Such times in which the shining lights of truth and the warm gifts of love are to be poured out over humanity also bring events confirming the truth of the proverb that “strong lights cast deep shadows.” The deep, black shadows that enter together with the gifts we have just spoken of consist of the potential for error. The human heart's susceptibility to error is inseparably bound up with the great gifts of wisdom that are to flow into human evolution. Let us not delude ourselves, therefore, into believing that the erring human soul will be less fallible in times to come than it has been in the past. On the contrary, our souls will be even more susceptible to errors in the future than ever before. Occultists have prophesied this since the dawn of time. In the coming times of enlightenment, to which I could only allude here, the slightest potential for error as well as the greatest aberrations can gain ground. Therefore, it is all the more necessary that we squarely face this potential for error and realize that because we are to expect great things, error can all the more easily creep into our weak human hearts.

Regarding the spiritual guidance of humanity, we have to draw the following lesson from this potential for error and from the age-old warnings of occultists: We must exercise the great tolerance we spoke of in the beginning, and we must give up our habit of blindly believing in authority. Such a blind belief in authority can be a powerful temptation and can lead to error. Instead, we must keep our hearts open and receptive to everything that wants to flow out of the spiritual worlds into humanity in a new way. Accordingly, to be good theosophists, we must realize that if we wish to cultivate and foster in our movement the light that is to stream into human evolution, we must guard against all the errors that can creep in with the light.

Let us feel the full extent of this responsibility and open our hearts wide to see that there has never been a movement on this planet earth that fostered such open, loving hearts. Let us realize that it is better to be opposed by those who believe their opinion is the only true one, than to fight them. It is a long way from one of these extremes to the other. Nevertheless, those who take up the theosophical movement spiritually will be able to live with something that has run through all history as a seed sentence, a motto for all spirituality—and rightly so.

Upon realizing that though there is much light, the potential for error is great, you may have doubts and wonder how we weak human beings can find our way in this confusion. How are we to distinguish between truth and error? When such thoughts arise within you, you will find comfort and strength in the motto: The truth is what leads to the highest and noblest impulses for human evolution, the truth should be dearer to us than we are to ourselves. If our relationship to truth is guided by these words and we still make a mistake in this life, the truth will be strong enough to draw us to itself in the next incarnation. Honest mistakes we make in this incarnation will be compensated and redeemed in the next. It is better to make an honest mistake than to adhere to dogmas dishonestly. After all, our path will be lit by the promise that truth will ultimately prevail, not by our will, but by its own inherent divine power.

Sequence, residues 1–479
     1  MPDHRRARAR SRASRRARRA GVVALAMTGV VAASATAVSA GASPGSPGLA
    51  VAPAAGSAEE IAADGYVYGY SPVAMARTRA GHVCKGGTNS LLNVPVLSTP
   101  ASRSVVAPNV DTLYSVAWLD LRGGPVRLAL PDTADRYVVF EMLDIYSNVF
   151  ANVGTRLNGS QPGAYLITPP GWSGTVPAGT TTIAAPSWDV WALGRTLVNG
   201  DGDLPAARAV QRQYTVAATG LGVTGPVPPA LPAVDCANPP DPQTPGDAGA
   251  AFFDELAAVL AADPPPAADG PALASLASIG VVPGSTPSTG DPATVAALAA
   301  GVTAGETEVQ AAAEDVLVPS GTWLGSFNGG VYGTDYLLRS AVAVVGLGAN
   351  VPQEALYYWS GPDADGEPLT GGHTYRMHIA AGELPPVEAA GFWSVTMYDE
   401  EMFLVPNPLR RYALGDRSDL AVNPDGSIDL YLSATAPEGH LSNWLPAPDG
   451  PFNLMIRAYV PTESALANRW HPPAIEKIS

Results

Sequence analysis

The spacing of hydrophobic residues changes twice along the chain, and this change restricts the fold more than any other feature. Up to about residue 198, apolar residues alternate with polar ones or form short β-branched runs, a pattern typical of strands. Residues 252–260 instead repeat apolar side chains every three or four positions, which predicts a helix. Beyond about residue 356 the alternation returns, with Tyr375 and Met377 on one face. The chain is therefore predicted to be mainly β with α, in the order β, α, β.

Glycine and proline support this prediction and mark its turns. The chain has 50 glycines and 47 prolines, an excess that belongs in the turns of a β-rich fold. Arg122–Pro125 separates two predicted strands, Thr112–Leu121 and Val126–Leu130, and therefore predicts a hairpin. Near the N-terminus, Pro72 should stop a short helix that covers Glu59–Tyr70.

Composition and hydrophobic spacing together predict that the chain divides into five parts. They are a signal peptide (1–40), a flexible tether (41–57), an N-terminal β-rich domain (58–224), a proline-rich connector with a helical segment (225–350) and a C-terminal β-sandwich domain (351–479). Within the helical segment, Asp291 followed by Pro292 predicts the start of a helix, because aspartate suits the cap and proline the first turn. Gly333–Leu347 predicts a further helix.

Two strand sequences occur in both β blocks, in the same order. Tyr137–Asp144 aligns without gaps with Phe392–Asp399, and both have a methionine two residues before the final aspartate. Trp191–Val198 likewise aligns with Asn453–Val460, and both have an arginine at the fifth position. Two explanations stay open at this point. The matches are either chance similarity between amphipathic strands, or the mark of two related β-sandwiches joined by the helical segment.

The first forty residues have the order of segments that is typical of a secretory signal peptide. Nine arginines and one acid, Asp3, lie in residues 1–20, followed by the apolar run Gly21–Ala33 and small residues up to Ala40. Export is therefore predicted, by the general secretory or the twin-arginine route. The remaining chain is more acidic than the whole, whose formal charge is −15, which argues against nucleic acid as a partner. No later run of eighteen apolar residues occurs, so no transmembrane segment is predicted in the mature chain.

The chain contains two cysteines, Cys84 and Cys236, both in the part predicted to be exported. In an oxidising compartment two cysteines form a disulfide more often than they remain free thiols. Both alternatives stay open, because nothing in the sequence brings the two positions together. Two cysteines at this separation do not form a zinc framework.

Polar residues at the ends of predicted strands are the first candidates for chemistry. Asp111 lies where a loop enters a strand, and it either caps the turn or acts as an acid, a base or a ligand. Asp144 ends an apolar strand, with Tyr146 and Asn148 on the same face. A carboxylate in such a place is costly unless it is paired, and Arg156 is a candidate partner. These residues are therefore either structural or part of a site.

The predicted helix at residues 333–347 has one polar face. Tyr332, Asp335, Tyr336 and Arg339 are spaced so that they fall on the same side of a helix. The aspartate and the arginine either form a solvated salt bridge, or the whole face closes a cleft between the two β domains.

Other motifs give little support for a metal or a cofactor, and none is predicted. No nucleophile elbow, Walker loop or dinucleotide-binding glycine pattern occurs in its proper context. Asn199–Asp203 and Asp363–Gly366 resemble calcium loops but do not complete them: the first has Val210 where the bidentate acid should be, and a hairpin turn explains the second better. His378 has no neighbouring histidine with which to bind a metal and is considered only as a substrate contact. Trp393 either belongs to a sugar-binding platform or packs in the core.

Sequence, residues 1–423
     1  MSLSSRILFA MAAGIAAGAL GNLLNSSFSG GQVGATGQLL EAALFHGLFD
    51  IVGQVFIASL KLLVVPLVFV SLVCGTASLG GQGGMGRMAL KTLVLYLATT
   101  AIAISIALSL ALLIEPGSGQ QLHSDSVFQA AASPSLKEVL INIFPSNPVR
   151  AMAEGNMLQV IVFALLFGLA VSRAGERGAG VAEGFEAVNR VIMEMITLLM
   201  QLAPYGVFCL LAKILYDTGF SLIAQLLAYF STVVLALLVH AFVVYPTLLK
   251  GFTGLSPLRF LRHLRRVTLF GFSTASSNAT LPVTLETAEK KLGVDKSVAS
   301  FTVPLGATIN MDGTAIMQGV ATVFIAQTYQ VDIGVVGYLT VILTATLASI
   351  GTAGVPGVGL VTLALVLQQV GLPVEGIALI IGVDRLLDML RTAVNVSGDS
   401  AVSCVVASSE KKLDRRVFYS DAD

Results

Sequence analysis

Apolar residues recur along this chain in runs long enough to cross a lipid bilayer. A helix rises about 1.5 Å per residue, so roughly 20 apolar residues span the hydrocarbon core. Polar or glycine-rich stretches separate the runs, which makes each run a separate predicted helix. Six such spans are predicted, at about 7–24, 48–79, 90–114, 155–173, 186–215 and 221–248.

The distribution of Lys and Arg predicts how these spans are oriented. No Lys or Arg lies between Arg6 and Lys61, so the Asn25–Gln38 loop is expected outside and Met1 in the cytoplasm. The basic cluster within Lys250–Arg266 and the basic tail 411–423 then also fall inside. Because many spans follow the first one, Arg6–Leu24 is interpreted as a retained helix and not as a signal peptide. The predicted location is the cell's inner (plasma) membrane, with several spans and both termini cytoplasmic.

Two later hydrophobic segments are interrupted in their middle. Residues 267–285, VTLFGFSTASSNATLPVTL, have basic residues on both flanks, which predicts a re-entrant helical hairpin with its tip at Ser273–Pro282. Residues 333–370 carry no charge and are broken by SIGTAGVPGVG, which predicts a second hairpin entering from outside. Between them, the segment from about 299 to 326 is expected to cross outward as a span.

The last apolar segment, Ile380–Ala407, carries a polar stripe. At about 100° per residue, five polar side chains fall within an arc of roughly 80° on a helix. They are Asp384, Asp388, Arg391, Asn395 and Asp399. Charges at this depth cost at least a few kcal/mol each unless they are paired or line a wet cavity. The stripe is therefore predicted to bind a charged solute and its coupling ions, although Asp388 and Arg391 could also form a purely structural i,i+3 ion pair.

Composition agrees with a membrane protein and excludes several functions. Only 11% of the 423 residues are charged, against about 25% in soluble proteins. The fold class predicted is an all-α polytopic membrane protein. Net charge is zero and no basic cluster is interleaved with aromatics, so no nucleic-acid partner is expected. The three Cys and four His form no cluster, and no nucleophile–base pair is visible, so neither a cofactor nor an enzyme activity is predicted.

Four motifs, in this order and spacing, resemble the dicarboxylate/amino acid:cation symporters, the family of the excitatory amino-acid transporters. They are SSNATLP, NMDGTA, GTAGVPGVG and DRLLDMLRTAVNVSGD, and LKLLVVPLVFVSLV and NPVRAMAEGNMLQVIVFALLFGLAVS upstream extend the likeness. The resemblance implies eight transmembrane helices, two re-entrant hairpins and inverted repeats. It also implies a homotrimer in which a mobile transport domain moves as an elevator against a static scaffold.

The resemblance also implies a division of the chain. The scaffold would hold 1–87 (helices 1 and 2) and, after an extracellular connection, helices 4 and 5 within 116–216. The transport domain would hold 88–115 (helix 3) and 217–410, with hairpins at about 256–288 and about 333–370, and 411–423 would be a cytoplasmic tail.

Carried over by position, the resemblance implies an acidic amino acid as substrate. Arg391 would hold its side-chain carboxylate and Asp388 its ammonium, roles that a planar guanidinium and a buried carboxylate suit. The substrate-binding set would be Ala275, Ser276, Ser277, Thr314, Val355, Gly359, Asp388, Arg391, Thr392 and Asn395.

However, if our circumstances in this incarnation propel us into error instead of into truth, and if we are too weak to obey when truth pulls us toward itself, then it will be good if what we believe in disappears. For then it does not, and should not, have the strength to live. If we are honestly striving for truth, truth will be the victorious impulse in the world. And if what we have now is a part of the truth, it will be victorious, not because of what we can do for it, but because of the power inherent in it. If what we have is error, however, then let us be strong enough to say that this error should perish.

If we take this as our guiding motto, we will find the standpoint that enables us to realize that, under any circumstances, we can find what we need, namely, confidence. If this confidence imbues us with truth, then the truth will prevail, regardless of how much its opponents fight it. This feeling can live in the soul of every theosophist. And if we are to impart to others what flows down to us from the spiritual world, evoking feelings in human hearts that give us certainty and strength for life, then the mission of the new spiritual revelation will be fulfilled—the revelation that has come to humanity through what we call theosophy to lead human souls gradually into a more spiritual future.